Minimum bending radius for dynamic movement applications on wearables

Hello !

I’m back with a pretty tough question.
I’m working on a collapsible handfan in which I run cables between the blades to connect the LED. I have 2 ways to do this:

  • Run the cables at the top of the cable along the fabric/paper. This allows to hide them behind a second layer of fabric, but it means the cable folds with it, at a very low radius, which leads utimately to the destruction of the conductor inside (the cables have silicone insulation, which is fine)
  • Run cables freely which allows a much bigger bending radius when closing the fan, but then i have cables hanging freely that are easy to get entangled and it’s ugly

I thought the issue would be the strain relief on the LED strip PCB, but I encase everything in silicone and it works very fine, but this, I have no idea how to solve “in between” other than not allowing the handfan to be closed.

Anyone has recommendation on how to deal with silicone cables bending in a dynamic way (which means movement is frequent and repetitive). I guess people who do wearables are probably confronted to this, but have maybe more space to negotiate bending radius ?
I looked on internet and I see I’d have to go between 10 to 20 times the OD of the wire, which would be 10-20mm (impossible)…

Thank you !

While I don’t have much first-hand experience with this, I did learn a few things coming from a family that runs a wire harness business.

I think the three things you might look for in wire are:

  1. Higher strand count. Most silicon-insulated hobby wire already has a somewhat higher strand count (the first number in a X/Y strand designation), but note you can find wire with up to 168 individual strands in 22 AWG.
  2. A strand construction designation that indicates it’s rope construction with bunch stranded groups. It’s about how they’re twisted during extrusion and stranding, and it can help a bit with repeat bending.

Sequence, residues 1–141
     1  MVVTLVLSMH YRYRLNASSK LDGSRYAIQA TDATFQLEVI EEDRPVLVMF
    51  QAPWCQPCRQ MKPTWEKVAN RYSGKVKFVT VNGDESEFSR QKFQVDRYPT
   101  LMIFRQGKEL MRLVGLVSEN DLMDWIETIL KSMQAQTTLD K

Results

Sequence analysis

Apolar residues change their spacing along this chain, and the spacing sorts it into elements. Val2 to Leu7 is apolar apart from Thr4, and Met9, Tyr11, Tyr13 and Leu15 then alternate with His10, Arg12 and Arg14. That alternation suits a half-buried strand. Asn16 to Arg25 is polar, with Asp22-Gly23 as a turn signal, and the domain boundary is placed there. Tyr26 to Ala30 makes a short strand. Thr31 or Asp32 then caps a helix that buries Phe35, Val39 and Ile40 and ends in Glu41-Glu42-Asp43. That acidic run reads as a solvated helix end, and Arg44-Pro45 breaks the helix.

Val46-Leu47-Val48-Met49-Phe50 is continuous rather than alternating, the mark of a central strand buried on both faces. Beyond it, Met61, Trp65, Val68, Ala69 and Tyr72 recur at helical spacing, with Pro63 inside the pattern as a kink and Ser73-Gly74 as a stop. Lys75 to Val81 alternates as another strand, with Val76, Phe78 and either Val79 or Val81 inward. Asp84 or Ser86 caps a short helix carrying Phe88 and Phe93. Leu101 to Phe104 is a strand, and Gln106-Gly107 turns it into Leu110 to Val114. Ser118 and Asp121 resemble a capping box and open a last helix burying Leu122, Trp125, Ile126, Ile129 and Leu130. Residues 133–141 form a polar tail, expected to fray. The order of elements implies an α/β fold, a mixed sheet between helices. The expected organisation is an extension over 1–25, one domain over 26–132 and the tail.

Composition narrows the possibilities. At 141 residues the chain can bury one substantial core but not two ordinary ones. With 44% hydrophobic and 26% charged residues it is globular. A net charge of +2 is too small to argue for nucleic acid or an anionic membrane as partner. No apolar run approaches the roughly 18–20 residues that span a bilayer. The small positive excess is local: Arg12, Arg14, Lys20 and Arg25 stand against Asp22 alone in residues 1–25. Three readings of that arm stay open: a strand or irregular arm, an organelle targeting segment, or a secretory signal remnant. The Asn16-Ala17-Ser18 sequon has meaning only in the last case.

3. Mil-spec nickel-plated copper alloys (this is is different from tinned strands) are made for aerospace applications that shake a lot. Again, no first hand experience here, but I think you might be able to find some sold specifically for aerospace/automotive that could be good.

Hope this helps. Look forward to seeing a time-lapse video of your repeat-strain rig :slight_smile:

Here is a quick idea depending on how the fans are made.

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Do the cables have to connect the blades at the top? Could they connect the blades near the pivot point so the change in distance between connection points on adjacent blades would be much smaller?

Thank you @jeff , I will look at thes edetails when looking for wire. From what i see, the biggest factor will absolutely to maintain the highest bending radius no matter what.

@jayzonhe3 this is a pretty smart design, but that implies I design and build my own handfans from top to bottom including the frame, where currently i’m only retrofitting existing bamboo handfans with LED.

Indeed, thisis what I used to do, but it makes it very hard to close the fan due to the added thickness… Not as nice.

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So, could you use carefully insulated copper tape strips, or copper sheet to run the power/ground portions of circuit lower down the fan blades past the pivot point, then attach the power wires to each other just below the bottoms of the blades? The signal can be tiny enough to go anywhere without getting in the way, but the power wires would be less obtrusive nearer the pivot. I’ve seen an LED fan made where the blades themselves were PCBs, which gives you a lot more flexibility as to where the wires connect, though you said that was a route you were trying to avoid.

Or possibly, if you were to 3D print your own fan blades, include recesses to run the power wires down to near the pivot for protection and to get them out of the way.

Great point! The power/ground and signal don’t have to be routed together. If you put the power/ground on the left/right of the short end of the blades, then the wires could be wider loops and serve as fancy decorations to the bottom of the fan. Come to think of it, the signal wires could also extend above the long end of the blades. When the fan is open, they straighten out, but when the fan is closed, they become wider loops, avoiding tight corners.

I see what you mean @sorceror and @GeekMomProjects , but cables running free get entangled into people when moving around whith the fan closed for example. That’s why I was going for a full hiding the cables under a second layer of the fan paper.

I guess I have to weight the pros and cons of every build. Still a work in progress ! Thank you

somehow this insane speaker with rotating slip ring reminded me of your quandary.

If somebody has made this insane thing, and it’s still working, then a reliable LED fan must be possible!